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Graphical Models of Probability
Bayesian Networks, Decision Networks, and Probabilistic Relational Models
Hello everyone, I'm taking the math exam to reenter the college… 
24th-May-2005 11:32 am
Hello everyone,

I'm taking the math exam to reenter the college world, as my ACT scores no longer hold any value, since they're 11 years old. I'm reading a refresher math text, but I've come across something that for the life of me, I cannot recall ever doing and cannot grasp. I'm a very logical person, so if someone can explain "Permutations" to me in a way that is utilitarian and not just a jumble of formulas, please help. Also, Pascal's triangle is baffling, and as it applies to this as well ...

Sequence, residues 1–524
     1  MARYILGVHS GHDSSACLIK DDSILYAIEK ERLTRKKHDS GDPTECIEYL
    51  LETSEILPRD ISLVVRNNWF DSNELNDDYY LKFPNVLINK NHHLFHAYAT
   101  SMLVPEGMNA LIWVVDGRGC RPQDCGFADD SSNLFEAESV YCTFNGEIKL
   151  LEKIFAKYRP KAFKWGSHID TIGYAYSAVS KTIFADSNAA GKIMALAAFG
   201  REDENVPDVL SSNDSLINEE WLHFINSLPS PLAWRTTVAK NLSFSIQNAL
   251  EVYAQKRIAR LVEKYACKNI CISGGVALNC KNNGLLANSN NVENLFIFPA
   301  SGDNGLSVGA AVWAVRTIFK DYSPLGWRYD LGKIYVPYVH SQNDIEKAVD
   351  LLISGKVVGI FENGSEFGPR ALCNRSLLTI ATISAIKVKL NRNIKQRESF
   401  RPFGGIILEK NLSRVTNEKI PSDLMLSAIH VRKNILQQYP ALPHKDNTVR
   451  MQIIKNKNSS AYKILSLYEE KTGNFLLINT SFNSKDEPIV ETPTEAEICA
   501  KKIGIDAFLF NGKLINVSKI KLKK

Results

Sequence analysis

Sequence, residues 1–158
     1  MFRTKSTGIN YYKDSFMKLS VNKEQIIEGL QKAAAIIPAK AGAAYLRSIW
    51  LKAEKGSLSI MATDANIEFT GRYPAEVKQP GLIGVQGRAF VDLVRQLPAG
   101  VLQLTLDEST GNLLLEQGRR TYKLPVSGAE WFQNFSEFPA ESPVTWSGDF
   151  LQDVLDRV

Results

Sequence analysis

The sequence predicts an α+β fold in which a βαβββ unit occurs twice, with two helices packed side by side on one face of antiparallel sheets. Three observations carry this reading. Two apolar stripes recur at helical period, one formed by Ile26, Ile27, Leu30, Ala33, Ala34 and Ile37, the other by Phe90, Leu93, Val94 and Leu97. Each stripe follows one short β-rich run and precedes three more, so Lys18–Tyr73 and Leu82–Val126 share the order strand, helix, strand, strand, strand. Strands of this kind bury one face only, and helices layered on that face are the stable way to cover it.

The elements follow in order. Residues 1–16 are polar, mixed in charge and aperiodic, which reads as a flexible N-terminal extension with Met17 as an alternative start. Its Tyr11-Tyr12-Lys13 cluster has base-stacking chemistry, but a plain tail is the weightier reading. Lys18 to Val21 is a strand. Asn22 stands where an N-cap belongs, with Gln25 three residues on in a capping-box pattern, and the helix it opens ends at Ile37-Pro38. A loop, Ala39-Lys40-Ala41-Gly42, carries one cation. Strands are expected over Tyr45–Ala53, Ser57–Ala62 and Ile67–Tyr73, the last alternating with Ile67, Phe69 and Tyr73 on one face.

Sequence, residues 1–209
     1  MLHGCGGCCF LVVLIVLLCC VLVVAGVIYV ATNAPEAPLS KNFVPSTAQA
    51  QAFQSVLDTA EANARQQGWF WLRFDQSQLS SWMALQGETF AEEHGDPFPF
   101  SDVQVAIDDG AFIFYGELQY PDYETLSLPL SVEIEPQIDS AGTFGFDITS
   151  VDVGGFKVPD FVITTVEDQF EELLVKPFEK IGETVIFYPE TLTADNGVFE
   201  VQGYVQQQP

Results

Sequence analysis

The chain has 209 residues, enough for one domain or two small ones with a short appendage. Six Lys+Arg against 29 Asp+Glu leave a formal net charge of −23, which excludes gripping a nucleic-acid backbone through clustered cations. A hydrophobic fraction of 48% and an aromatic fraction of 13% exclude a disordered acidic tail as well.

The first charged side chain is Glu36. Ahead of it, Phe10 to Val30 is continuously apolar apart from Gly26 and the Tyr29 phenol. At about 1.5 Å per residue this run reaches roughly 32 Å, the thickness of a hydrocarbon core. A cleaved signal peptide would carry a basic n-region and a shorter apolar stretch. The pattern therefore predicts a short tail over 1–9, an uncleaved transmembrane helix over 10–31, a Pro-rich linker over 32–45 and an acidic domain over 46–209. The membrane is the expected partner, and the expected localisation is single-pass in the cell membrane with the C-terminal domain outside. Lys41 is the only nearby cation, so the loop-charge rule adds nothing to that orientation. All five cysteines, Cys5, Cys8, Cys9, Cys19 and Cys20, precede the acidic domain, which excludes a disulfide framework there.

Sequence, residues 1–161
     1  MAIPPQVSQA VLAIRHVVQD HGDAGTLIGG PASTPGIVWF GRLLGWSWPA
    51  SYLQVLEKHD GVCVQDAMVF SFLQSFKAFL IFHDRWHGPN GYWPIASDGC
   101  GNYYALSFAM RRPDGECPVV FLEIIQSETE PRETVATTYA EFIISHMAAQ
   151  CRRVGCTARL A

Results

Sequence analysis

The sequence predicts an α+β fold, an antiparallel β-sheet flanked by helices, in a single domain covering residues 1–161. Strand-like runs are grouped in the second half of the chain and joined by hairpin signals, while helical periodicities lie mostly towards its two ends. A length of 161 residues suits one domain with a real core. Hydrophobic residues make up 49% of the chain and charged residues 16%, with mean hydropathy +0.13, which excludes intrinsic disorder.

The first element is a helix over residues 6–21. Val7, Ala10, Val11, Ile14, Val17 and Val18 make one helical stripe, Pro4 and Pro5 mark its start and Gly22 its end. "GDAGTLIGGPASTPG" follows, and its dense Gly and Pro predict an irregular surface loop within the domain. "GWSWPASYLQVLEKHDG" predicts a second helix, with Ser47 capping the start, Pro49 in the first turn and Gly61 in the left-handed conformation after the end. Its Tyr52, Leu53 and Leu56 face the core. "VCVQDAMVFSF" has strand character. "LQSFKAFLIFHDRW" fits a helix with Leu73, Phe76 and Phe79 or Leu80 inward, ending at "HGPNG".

Comments 
24th-May-2005 06:36 pm (UTC)
hahahaha I've actually already looked at that, and it doesn't help me at all.

:(
24th-May-2005 06:43 pm (UTC)
ok - say we have a bag filled with 4 types of blocks and we want to take 2 blocks out of the bag at a time. How many different sets of two blocks could we possibly get? That is a permutation question.

You might look here http://mathcentral.uregina.ca/RR/database/RR.09.95/nom1.html

for more help
24th-May-2005 06:52 pm (UTC)
EEek... Okay, so I actually get the whole how many variations of CAT can you get. Thats not what I have problems grasping. Its the formulas that I don't understand; the fusing of Pascal's triangle perplexes me as well.
24th-May-2005 06:59 pm (UTC)
the example of standing in line from the second link is probably more useful in this situation - are you familliar with factorial notation?
4!= 1*2*3*4 - you simply take the all the numbers between 1 and whatever number and multiply them - so n! = n*(n-1)*(n-2)*(n-3)...(n-(n-1)) - does that help?
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